Brandi Blanchette rolls her eyes every morning when she has to put on her earrings.
“I love them, but the hardest part is putting the back of my earrings on. Sometimes I ask my roommate for help, but sometimes I just give up,” she nonchalantly explained.
Blanchette, a transfer from Orange County Community College, was born with a rare birth deficiency called amniotic band syndrome (ABS), a congenital disorder were the limbs are entangled in string-like bands.
ABS has affected Blanchette’s left hand, where her fingers and her hand don’t look the same as a regular hand.
Fortunately, she has full use of her left hand.
“Some tasks are harder to complete with my left hand, but I can still use it,” Blanchette proved as she waved her left hand.
According to Children’s Memorial Hermann Hospital, ABS occurs in approximately 1 in 1,200 and 15,000 live births.
“I punched my mom’s uterine wall too early and it banded. I was just born like this.”
Born as an only child, Blanchette never let her condition get in the way of living a normal life. She threw herself into sports and never let anything stop her from being kid. Growing up, doctors told her parents that she should be treated as a normal kid so she can have a normal life. From cheerleading to basketball, to rough housing with her cousins, Blanchette was a normal, happy child.
She laughs as she remembers how often her cousins would get hurt when they used to play with one another.
“They would always end up getting hurt or breaking a bone, but not me. I was always the stronger one.”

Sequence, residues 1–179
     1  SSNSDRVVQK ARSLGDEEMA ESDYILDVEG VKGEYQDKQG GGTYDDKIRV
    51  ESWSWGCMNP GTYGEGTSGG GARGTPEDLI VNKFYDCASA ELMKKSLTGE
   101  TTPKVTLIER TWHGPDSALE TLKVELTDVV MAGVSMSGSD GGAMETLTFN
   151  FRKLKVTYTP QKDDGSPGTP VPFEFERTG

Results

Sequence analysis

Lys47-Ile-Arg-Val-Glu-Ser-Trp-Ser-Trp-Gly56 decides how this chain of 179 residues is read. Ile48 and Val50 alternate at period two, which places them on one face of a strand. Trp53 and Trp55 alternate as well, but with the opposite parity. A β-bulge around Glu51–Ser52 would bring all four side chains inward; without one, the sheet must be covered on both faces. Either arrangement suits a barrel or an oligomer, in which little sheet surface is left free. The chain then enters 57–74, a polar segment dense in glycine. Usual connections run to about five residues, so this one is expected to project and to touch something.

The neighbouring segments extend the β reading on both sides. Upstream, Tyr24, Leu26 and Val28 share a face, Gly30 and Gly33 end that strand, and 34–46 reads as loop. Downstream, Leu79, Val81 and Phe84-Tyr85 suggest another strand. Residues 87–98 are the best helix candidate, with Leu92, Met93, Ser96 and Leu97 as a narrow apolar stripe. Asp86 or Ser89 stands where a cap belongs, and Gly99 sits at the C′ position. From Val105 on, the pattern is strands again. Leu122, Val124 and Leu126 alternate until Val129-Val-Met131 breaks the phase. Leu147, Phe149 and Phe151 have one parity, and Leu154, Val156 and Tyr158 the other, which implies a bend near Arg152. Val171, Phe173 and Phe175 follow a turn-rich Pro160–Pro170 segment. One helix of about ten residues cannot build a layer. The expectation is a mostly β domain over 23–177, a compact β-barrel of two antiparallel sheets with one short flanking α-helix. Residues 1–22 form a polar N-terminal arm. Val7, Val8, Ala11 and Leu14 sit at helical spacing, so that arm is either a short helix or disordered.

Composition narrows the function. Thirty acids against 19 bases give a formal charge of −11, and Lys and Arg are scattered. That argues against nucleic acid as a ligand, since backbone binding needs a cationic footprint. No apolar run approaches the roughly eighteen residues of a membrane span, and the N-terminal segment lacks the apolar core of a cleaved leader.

Despite her condition, Blanchette never stopped herself from living a normal life.
“Everyone knew my story and about my hand, so I was never bullied or teased about it. I never felt alone.”
The cause of ABS is unknown. During pregnancy, there are two linings that hold the fetus and the fluid in the pregnancy sac. According to Children’s Memorial Hermann Hospital, amniotic bands are believed to occur when the inner layer of the lining ruptures or tears to the outer layer without injury. The strands in the fluid eventually become tangled with the fetus.
When she was around 13 years old, her doctor informed Blanchette and her parents that there was a surgery that can fix her hand. For the surgery to work, the doctor would have to remove the bones from her toes.
In her eyes, Blanchette found the surgery to be pointless.
“The surgery would only give me one or two fingers, instead of five. I already adapted to life with my hand the way it is. I just found it to be a waste of time.”
According to The Fetal Treatment Center, there are occasions where treatment and reconstructive surgery is possible. In most cases, the doctor offers the surgery shortly after birth, depending on how complicated the deformities are.
After graduating from OCCC, Blanchette came to Mercy College in the fall to major in paralegal studies. Initially, she was leaning toward becoming a lawyer, but she hopes to get a degree in sociology so she can help other people.
“Originally, I was going to become a teacher. I think having a degree in sociology would allow me to work with others who need help.”
Blanchette also hopes to work with kids with disabilities. Currently, she mentors her neighbor, Jack, who also has ABS. She encourages him all the time to just roll with the punches of life and to work with his deficiency.
“He’s my little buddy,” she gushed.
Her caring personality is what makes her the “mom” of her friend group. At 21 years-old, she’s constantly looking after her friends and family, and she’s been that way her entire life.
“I like to refer to her as my mom because she’s the voice of reason. She always wants to make sure if I’m okay or what I’m doing,” explained Stefania Baglivo, behavioral science major and Blanchette’s roommate.
When she’s not playing mom, Blanchette loves reading books from her kindle and driving around with her friends. For the record, she can drive with both hands, but she chooses not to.
“Most of the time, I use only one hand to drive just because it’s comfortable.”
She also doesn’t mind when people ask her about her hand’s condition. When people ask her if she’s limited to doing activities or can’t do something, she only has one response to them:
“I just do everything everyone else does.”